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Russia listens to Israeli concerns

That’s what Putin’s recent Helsinki deal with Trump shows

06.08.2018 17:15 Andrew Korybko, political analyst

Russia listens to Israeli concerns
Context:

Maliciously maligned from time to time by the Mainstream Media as an “anti-Semite” because of his country’s pragmatic relations with Iran, President Putin actually proved that he’s the complete opposite. 

President Putin’s been called many things by the Western Mainstream Media, and unfortunately “anti-Semitic” is one of those many slurs that they throw around when trying to discredit him, but the reality is just the opposite, which his recent Israel deal with Trump in Helsinki effectively proves. Not much is known about what the two leaders spoke about during their private two-hour tête-à-tête, but both Trump and President Putin publicly acknowledged that it had to do with ensuring Israel’s security against what can only be presumed is the perceived threat coming from Iranian and Hezbollah forces in southwestern Syria. The public declaration that both of them are on the same page regarding Israel can be cynically interpreted as them establishing a de-facto protectorate over it. 

Last week Russia’s Special Envoy to Syria Alexander Lavrentiev announced that “we took into account the Israeli concerns, we managed to attain the pullout of Iranian units 85 kilometers [some 53 miles] from the Israeli [-Syrian] border”. Official statements over the past couple of months stressed that Russia couldn’t possibly play a role in this scenario because it would be entirely a sovereign Syrian decision if it ever happened, leading to this development taking many people by surprise.  It shouldn’t have, though, because President Putin has done more for Israel than any other Russian or Soviet leader and should have therefore been expected to relentlessly advance its interests because he envisions Moscow playing a key role in resolving the Palestinian issue through diplomatic means that rely on building solid ties with the Jewish State. 

To bring the reader up to speed, the Soviet Union was the first state to officially recognize the existence of the State of Israel, though the geopolitical considerations that went into this bold move ended up backfiring after Washington took Tel Aviv under its wing and therefore forced Moscow to reactively do the same with its many Arab enemies. Soviet-Israel relations were noticeably strained all throughout the Cold War, and the passing of United Nations General Assembly Resolution 3379 in 1975 declaring the Zionist ideology to be a form of racism was thought to have eternally prevented any meaningful interactions between the two. Amazingly, however, one of the last global diplomatic feats of the USSR was to revoke this very same resolution in December 1991, just weeks before it ceased to exist, and this provided the revived Russian state with a second chance at friendship with Israel.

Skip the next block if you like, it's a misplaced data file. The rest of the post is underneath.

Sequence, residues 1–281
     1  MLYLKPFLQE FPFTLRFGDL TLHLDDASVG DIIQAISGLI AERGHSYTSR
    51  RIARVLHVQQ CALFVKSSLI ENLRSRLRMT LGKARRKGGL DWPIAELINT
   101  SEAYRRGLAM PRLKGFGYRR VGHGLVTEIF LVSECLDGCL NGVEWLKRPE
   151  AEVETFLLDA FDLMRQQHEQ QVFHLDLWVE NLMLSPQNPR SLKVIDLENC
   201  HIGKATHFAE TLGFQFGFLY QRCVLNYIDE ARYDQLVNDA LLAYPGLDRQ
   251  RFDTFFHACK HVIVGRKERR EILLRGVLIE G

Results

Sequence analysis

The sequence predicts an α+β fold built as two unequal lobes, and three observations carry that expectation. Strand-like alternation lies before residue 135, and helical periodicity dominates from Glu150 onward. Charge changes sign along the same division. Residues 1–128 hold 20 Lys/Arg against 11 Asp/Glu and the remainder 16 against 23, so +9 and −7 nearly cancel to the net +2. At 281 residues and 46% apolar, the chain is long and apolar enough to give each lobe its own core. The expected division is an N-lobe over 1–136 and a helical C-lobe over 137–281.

In the intervening decades since the Soviet Union recognized Israel’s independence, over one million Russian speakers migrated to the Mideast country, which has proven to be a powerful factor bringing the two parties closer together in the post-Cold War period. Relatedly, the shared memory of suffering that both of them have from World War II, and recalling that approximately half of the Jews that perished in the Holocaust were Soviet citizens, is why Israel recognizes Russia’s semi-sacred 9 May celebration marking the end of this global catastrophe. The interpersonal diplomacy between both sides, driven by Russian-speaking immigrants and the prominent role that some of them have come to have in Israeli society and politics, gave President Putin a firm basis with which to expand his country’s rapidly developing relations with Israel once he entered into office. 

President Putin has been nothing less than a godsend for Israel, lavishing its praises on innumerable occasions officially recorded by the Kremlin website and vowing to enhance multi-sectoral cooperation with it in the humanitarian, economic, and security spheres. It’s well-known that the Russian leader has many powerful Jewish friends who hail from the country’s big business community, and President Putin even revealed that he was practically raised by his Orthodox Jewish neighbors during his early yearsin Saint Petersburg while his parents were busy at work struggling to make ends meet. This provided him with an inside look at one of Russia’s four constitutionally recognized indigenous religions and accordingly afforded him a lifelong appreciation for everything pertaining to it, which apparently seeped into the international political realm as well given his excellent  relations with Israel.